Shares of ITT Educational Services, one of the largest operators of for-profit technical schools, plummeted 35 percent to an all-time low Thursday on news of the Department of Education decision to curtail the company’s access to millions of dollars in federal loans and grants, a critical source of revenue.
“It’s pretty bad,” said Trace Urdan, a research analyst at Credit Suisse. “ITT had already announced that they were cutting back on marketing and that new student enrollment was down, so they were already marching in this direction. But this decision, when you add all of the components together, it looks like the department wants them to go out of business.”
Department officials say they are acting out of concerns raised by the for-profit chain’s accreditor, the Accrediting Council for Independent Colleges and Schools, that ITT is not living up to the demands of its accreditation. ITT is under threat of having its accreditation revoked, which could lead its 137 campuses to close and result in tens of thousands of students seeking loan forgiveness. That potential outcome led the department to request ITT to set aside more money to cover losses in the event of its collapse two months ago. The company complied, but now the government wants more.
In addition to the litany of restrictions, ITT must provide a letter of credit from a bank assuring the availability of as much as $247 million, up from the $124 million letter of credit the company already had on file. The letter is meant to protect students and taxpayers if the school is unable to cover federal student-aid liabilities. ITT was place on an installment plan to meet the last increase, leaving some wondering whether the company is capable of covering the latest request.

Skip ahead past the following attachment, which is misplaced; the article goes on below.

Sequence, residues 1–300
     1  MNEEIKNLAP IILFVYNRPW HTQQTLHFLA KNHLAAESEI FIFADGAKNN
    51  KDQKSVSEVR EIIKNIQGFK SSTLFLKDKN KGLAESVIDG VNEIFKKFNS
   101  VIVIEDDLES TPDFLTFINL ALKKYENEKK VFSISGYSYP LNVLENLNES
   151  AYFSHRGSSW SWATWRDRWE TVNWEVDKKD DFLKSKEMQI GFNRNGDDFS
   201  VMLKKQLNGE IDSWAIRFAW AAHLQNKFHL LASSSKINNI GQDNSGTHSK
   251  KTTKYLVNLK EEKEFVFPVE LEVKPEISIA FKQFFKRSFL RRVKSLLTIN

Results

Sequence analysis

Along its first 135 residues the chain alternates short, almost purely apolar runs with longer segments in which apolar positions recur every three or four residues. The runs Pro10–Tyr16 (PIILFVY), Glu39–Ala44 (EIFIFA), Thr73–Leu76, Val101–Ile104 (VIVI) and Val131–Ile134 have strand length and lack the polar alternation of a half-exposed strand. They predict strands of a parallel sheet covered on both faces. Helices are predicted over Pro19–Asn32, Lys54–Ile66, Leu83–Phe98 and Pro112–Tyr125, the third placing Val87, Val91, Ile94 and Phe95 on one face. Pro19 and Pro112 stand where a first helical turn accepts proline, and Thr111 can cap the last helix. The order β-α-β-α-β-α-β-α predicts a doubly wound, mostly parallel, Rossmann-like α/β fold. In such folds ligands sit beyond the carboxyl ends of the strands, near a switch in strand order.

ITT has roughly $78 million in available cash and a few hundred million dollars in other assets, according to its most recent quarterly filing. Raising equity would be challenging, especially after investors fled before the company halted trading late Thursday. The company could put campuses up for sale, but may have a difficult time finding a buyer in the current regulatory climate, analysts say.
ITT did not respond to requests for comment. The company, as with other for-profit colleges, is contending with dwindling enrollment. New-student enrollment at ITT as of the end of June was down 22 percent over the previous year, while total enrollment was down 16 percent year over year. The company has stopped accepting new students at 10 campuses and has closed 10 locations in the past two years. ITT told investors in its latest quarterly report that the company thinks new enrollment will decline by as much as 60 percent compared with 2015. The company also plans to close another campus before the end of the year.